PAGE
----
‘Community Lighthouse’ project aims to bring solar hubs to provide power after a hurricane at churches and community centers
Together New Orleans, a local advocacy coalition, bills the project as having a goal of placing a microgrid within a 15 minute walk of all New Orleans residents, and placing hubs in parishes across Louisiana.
NEW ORLEANS (WVUE) - One New Orleans-based group has a lofty goal: finding a solution to issues that arise with Louisiana’s power grid in the days and weeks immediately following a major storm.
After Hurricane Ida in 2021, almost the entirety of the New Orleans metro area was without power for days. Some areas didn’t see power restored for weeks, and some even months.
Together New Orleans, an advocacy group comprised of various local churches, synagogues, mosques, unions, universities and climate policy groups, thinks the solution can be found in harnessing solar power.
“Community Lighthouse” is a project aiming to outfit churches and community centers across Louisiana with commercial-scale solar panels and back-up battery capacity, allowing the “resilience hubs” to serve as bases for disaster relief workers and a place for nearby residents to come and cool off, get food and supplies or charge devices.
“Every time there’s a disaster, people know where to go. They know who stands up,” said Andy Kopplin, President and CEO of Greater New Orleans Foundation, which provided a one million dollar grant to “Community Lighthouse.”
Kopplin said Greater New Orleans Foundation is playing the role of founding funder of the project.
On Tuesday, organizers celebrated that an additional $3.8 million in federal funding would be allocated, with the help of Congressman Troy Carter.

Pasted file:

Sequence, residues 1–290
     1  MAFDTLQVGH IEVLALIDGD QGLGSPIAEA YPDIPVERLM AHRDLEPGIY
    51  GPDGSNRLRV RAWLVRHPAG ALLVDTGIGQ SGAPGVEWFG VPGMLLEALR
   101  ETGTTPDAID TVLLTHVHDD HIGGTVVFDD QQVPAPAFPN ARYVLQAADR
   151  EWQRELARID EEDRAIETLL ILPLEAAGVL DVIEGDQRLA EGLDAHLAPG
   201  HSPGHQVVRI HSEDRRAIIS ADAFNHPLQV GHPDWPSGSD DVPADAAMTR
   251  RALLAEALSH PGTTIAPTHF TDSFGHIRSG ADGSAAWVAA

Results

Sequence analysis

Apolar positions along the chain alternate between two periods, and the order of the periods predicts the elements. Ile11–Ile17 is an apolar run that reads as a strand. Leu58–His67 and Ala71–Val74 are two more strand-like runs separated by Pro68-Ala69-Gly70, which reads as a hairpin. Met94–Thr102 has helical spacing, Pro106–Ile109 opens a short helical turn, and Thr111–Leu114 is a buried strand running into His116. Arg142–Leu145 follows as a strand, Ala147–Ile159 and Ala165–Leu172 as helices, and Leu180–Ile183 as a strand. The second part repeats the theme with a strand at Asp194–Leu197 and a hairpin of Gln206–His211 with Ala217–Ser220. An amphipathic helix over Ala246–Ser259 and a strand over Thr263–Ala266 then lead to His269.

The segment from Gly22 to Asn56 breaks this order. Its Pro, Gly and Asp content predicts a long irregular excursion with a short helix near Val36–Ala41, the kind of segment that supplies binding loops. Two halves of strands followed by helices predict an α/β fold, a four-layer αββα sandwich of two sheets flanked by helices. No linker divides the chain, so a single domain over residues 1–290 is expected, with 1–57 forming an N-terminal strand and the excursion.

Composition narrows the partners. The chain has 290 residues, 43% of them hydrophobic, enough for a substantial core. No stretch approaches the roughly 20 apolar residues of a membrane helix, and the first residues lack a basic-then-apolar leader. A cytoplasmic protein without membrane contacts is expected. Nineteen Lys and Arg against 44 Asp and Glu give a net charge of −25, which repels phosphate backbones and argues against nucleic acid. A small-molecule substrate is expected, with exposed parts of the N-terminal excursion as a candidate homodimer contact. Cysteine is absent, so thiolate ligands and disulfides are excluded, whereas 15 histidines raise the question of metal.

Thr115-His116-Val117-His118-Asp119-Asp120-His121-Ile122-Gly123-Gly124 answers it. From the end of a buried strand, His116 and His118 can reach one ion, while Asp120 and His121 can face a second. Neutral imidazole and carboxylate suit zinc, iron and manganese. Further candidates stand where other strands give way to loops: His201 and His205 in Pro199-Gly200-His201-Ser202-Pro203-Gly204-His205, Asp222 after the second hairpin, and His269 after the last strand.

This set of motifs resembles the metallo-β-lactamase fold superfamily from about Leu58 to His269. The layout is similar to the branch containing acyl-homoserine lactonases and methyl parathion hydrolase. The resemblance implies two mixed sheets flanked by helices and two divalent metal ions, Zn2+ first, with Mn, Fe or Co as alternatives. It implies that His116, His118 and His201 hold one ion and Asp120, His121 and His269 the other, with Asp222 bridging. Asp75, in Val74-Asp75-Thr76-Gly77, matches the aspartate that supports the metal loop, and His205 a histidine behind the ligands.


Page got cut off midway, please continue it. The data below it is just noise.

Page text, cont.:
“We know there’s going to be another hurricane. The question is how can we be more prepared for the next one than we were for the last one,” Kopplin said. “It’s not just giving out supplies more efficiently, it’s letting people charge their phones, charge their medical equipment.”
In total, 16 locations are planned across New Orleans, including Household of Faith Family Worship Church, where Together New Orleans gathered congregants and politicians to discuss the future of “Community Lighthouse.”
Eight locations are planned for other parts of the state, including locations serving LaPlace, Plaquemines/St. Bernard, Jefferson, and Terrebone.
“One thing we learned first hand is that your neighbors are your first responders,” said New Orleans Mayor LaToya Cantrell.
Cantrell said the project reminds her of her days as a community organizer, working in Broadmoor during the aftermath of the devastation of Hurricane Katrina.
“The city, your city, cannot do it alone. We saw that after Hurricane Katrina, no doubt about it. We saw it even after Ida. But we’re making sound decisions on the front end,” Cantrell said.
Cantrell said approximately $13.8 million is needed to fund the 16 sites, but vowed to make the work happen.
Eventually, the goal is to have 85 to 100 congregations and community centers across Louisiana operating as “resilience hubs.”
Construction is slated to begin on phase one of the project in 2023.
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